Valentine’s Day Cards for retirement communities


By Hannah Lester

Retirement communities, nursing homes and assisted-living facilities around Auburn and Opelika regularly accept Valentine’s Day cards for their residents.

Monarch Estates is one facility that encourages people to send in cards, said Abby Ensinger, director of sales at Monarch.

Although many residents in facilities like Monarch Estates have family and friends close by, others do not have anyone to visit them or write letters.

When they receive a valentine’s day card in the mail, they feel remembered, Ensinger said.

“Just to get that little happy in the mail or hand-to-hand, it just means somebody’s thinking about you,” she said. “Somebody does care about you.”

The last year, 2020, was especially hard on residents, Ensinger said.

In facilities across the United States, many residents could not even leave their rooms. Prior to the pandemic, Monarch Estates was an active community, she said.

“We know that socialization is the key to longevity of life,” Ensinger said. “So, whether that’s through a card, that hey, somebody’s just thinking about you or  walking down the hallway and just saying ‘good morning Ms. Jones.’”

To write a card for a resident, address them generically and the facility will make sure they are delivered to residents.

At Monarch Estates, the facility places the notes in each resident’s mailbox.

“Like they received a little happy in the mail,” said Abby Ensinger, director of sales at Monarch Estates. “Going to the post office, our little postboxes out here, is kind of an event every day.”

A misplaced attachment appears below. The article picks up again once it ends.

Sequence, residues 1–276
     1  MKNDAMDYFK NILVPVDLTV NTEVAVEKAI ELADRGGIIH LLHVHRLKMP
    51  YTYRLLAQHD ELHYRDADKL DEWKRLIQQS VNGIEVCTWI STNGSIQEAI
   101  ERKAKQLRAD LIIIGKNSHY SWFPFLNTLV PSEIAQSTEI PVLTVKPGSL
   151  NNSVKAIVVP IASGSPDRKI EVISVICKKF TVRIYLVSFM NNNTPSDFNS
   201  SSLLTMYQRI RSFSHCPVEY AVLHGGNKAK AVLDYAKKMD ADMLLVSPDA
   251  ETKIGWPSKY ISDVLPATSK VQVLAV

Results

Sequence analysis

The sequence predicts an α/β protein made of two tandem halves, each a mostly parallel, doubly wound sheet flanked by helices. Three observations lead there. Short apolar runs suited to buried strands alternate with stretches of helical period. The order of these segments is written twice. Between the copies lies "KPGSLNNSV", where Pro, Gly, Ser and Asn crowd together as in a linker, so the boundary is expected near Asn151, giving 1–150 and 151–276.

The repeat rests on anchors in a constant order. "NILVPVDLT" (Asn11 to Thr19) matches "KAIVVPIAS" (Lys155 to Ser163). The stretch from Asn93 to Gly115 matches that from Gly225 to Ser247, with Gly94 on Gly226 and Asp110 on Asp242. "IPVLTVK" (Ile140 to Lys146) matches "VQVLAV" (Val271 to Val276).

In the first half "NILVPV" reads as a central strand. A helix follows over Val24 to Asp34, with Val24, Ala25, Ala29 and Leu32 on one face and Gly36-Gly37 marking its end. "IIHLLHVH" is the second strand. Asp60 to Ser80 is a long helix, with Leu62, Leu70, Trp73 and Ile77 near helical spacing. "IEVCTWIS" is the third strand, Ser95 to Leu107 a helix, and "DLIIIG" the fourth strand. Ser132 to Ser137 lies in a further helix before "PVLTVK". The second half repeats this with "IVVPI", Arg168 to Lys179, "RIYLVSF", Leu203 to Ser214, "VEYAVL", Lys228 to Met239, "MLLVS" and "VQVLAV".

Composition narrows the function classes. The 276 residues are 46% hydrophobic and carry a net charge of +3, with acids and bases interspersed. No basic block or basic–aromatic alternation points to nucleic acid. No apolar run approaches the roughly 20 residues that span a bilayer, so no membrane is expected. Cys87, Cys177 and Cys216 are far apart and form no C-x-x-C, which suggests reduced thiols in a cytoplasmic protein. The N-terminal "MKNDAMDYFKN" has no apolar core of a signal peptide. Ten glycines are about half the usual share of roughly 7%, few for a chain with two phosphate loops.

There are other places around town that also encourage notes for their residents, such as The Harbor at Opelika.

The Harbor at Opelika accepts cards by mail or in-person. Well-wishers cannot deliver cards directly to residents this year because of COVID-19, but they can still drop cards off at the desk.

Stacey Wallace sends Valentine’s Day cards to her mother’s assisted-living facility in Dadeville, but said she would like to find some local facilities too.

“I want the residents  to know that my husband and I care about them and are praying for them,” she said. “According to the owner of the facility [in Dadeville], the families at this facility  are good to the residents; however, in some places, the poor old folks are dumped in there by their rotten children and are forgotten.

As my grandmother, who lived to be 104 said, ‘Antiques are very valuable; I’m older, so I’m an antique, and I’m valuable.’”

Monarch Estates is located at 1550 E University Dr, Auburn for those who want to drop cards off or mail them. The Harbor at Opelika is located at 1001 Fox Run Parkway, Opelika.

To send cards to other residencies, call first to see if they are still accepting cards due to COVID-19.


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